Meghan Sullivan '08 A.A.
At age 19, Meghan Sullivan started noticing changes in her balance and caught herself twitching slightly. Though the symptoms were subtle, she and her family knew they probably signaled Huntington's disease. When Meghan was two and a half years old, her father was diagnosed with Huntington's, a progressive neurological disease with no known cure and a 50% chance of passing on to the next generation. Over the next 17 years, the disease changed John Sullivan's life—and his family's.
By the time Meghan was diagnosed, her father required constant care; he was hospitalized and could no longer communicate. Meghan knew Huntington's meant physical, emotional and mental deterioration. And she was angry about it. "I didn't know what my future would hold," she says.
Diagnosed with just six weeks left in the semester, Meghan dropped out of school.
Then she remembered one of the things her father had said years earlier. "If you ever get this," he told his daughters, "don't lie down and die. Keep going as long as you can."
Meghan talked to her academic advisor and discovered that if she changed her major, she could earn an associate degree with just four more courses. Student Development staff were willing to allow Meghan to stay in campus housing even though she could no longer study full-time. Within a week, she was back in school. "Riv was really supportive—we're both so happy she chose here," says Meghan's mother, Cheryl.
Meghan also began advocating for Huntington's research. "Advocacy helps me feel better," she says. In fall 2007, she spoke at a dinner for doctors and Huntington's researchers from around the world. She's also spoken at the Massachusetts state house to support legislation helping the disabled and was the subject of a brief documentary for researchers at pharmaceutical company Novartis.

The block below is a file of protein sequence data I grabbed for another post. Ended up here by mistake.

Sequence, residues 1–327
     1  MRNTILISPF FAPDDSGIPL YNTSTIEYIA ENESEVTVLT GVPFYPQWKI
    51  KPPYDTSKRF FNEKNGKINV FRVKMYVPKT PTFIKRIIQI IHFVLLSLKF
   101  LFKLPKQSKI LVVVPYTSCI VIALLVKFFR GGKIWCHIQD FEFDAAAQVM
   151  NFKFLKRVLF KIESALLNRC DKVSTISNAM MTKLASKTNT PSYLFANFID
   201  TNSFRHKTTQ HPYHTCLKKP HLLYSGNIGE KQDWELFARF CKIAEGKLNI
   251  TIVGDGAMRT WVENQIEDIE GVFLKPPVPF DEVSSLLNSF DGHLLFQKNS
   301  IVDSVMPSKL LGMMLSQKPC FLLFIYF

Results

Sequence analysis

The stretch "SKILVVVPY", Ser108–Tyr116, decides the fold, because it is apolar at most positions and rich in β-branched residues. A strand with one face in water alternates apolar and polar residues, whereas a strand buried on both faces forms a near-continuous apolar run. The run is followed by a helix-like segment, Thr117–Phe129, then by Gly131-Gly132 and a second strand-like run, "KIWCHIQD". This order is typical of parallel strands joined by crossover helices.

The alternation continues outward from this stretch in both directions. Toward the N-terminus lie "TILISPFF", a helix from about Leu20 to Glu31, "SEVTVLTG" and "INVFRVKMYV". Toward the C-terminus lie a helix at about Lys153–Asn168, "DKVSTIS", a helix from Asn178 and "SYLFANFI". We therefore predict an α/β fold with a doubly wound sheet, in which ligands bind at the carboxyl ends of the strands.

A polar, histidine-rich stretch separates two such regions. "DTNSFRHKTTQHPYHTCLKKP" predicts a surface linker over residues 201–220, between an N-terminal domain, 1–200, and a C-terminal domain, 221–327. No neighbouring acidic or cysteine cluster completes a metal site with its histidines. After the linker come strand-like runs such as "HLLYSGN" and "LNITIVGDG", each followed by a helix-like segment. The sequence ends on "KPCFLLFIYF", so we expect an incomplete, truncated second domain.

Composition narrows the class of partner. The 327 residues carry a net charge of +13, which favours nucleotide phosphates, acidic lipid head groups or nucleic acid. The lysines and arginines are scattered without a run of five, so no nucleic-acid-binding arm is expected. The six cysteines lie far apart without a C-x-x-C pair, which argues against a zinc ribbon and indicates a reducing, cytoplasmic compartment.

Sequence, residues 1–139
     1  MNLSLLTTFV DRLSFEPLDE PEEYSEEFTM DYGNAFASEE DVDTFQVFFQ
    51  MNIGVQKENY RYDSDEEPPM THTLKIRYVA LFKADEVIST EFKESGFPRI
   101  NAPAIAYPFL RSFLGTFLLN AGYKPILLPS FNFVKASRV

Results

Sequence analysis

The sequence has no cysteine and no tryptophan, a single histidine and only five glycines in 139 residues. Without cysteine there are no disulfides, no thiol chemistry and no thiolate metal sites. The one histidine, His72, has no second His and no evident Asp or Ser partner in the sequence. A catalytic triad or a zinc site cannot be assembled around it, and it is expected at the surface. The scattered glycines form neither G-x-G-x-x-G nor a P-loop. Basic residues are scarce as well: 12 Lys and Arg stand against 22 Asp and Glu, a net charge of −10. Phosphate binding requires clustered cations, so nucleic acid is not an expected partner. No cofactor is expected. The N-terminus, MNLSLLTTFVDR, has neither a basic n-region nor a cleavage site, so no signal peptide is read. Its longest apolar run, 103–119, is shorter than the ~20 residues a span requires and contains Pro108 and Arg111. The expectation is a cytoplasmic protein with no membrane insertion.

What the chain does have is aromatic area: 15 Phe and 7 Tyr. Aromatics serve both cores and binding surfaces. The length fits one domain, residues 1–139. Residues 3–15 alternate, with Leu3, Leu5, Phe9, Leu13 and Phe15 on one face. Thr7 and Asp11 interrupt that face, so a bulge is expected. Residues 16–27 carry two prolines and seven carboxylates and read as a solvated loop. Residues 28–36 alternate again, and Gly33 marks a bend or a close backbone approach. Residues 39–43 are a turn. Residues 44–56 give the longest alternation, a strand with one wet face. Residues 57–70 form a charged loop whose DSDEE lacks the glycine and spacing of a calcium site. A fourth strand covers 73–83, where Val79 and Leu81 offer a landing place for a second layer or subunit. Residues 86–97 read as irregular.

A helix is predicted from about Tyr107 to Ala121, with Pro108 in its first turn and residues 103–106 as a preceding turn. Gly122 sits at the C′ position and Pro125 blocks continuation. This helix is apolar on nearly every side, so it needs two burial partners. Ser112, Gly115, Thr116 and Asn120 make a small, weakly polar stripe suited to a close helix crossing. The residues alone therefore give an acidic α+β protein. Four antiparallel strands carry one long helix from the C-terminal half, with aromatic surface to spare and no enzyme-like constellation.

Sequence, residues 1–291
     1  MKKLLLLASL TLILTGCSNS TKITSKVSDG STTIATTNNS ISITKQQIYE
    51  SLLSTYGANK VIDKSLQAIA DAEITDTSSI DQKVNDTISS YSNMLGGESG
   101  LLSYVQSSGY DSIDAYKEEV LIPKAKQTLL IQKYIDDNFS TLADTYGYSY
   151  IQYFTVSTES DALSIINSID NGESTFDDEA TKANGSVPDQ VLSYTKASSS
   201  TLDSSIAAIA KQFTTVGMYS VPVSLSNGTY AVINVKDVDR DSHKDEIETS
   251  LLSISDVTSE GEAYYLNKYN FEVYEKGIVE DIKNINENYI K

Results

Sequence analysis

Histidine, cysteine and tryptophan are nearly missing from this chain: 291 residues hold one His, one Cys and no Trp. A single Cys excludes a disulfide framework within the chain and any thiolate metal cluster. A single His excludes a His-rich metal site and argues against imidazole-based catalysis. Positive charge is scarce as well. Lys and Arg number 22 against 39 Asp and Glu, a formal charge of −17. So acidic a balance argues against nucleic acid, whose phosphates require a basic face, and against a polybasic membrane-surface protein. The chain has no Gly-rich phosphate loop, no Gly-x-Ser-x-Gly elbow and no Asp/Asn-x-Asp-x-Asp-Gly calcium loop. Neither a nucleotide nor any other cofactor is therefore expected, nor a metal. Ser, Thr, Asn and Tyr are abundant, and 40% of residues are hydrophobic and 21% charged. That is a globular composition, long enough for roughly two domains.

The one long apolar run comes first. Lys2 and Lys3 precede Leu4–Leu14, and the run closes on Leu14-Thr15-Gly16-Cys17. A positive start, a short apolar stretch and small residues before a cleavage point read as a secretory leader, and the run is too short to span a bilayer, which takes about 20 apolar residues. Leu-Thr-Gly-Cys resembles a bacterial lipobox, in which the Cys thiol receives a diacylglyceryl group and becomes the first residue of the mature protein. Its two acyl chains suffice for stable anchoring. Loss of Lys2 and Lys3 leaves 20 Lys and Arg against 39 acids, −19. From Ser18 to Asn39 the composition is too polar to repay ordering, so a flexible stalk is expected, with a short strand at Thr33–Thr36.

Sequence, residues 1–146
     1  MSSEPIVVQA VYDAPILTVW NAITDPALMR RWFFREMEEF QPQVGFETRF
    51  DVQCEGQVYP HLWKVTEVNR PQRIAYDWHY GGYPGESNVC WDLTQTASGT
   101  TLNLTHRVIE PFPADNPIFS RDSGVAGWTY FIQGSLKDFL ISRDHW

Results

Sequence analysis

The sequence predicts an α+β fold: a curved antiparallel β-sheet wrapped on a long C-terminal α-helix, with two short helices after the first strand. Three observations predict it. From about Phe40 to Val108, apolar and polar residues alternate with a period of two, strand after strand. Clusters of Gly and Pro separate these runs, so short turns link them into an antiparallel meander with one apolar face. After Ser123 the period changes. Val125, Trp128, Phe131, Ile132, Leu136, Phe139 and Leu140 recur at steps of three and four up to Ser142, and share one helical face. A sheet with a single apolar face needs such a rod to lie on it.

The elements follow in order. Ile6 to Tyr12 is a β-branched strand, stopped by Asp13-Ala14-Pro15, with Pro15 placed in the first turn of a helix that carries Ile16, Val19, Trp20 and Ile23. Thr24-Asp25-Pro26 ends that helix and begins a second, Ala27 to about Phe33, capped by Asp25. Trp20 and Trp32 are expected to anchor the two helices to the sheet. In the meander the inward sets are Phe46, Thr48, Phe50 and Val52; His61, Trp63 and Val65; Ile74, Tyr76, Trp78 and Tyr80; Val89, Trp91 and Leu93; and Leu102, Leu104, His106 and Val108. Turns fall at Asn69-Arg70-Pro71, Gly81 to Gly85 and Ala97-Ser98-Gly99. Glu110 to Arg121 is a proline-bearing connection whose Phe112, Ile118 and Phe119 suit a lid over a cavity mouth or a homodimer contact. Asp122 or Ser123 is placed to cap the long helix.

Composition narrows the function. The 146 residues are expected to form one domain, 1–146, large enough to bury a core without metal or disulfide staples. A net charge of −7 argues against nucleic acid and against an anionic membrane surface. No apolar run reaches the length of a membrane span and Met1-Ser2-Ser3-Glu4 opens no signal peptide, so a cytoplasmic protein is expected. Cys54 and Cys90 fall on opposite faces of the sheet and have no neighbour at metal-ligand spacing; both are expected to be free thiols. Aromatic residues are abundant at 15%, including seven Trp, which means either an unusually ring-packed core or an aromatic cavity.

In May 2008, Meghan earned her associate in liberal arts. Since then, she has audited a course at Rivier each semester, and she and her mother have spoken in classes at various colleges, including Plymouth State, Franklin Pierce, Boston College, and Endicott. Meghan's mother says people didn't always understand why Meghan couldn't work or take a full course load. "For a young person to think that Meghan's 23 and could be in a wheel chair by 25—they have to deal with thoughts they don't usually face until they're much older," she says.
Meghan's father died in September 2008 without ever learning that he had passed Huntington's on to his daughter. "My dad was in Tewksbury Hospital for eight years," Meghan says. While many people in her shoes might choose to avoid similar settings, Meghan volunteers at the Lowell Health Care Center, a nursing home. "They have a whole unit of Huntington's residents there, which is rare," she says.
Meghan shadows the social worker at the health care center and provides companionship for the residents. "People think it would be sad for me, but it isn't," she says. She enjoys visiting with residents. She plays board games with them, brushes and braids hair, listens to them and holds hands to offer comfort and support.
Though Meghan doesn't know what her future holds or how long she can continue her volunteer work, she's driven to make a difference for as long as she possibly can.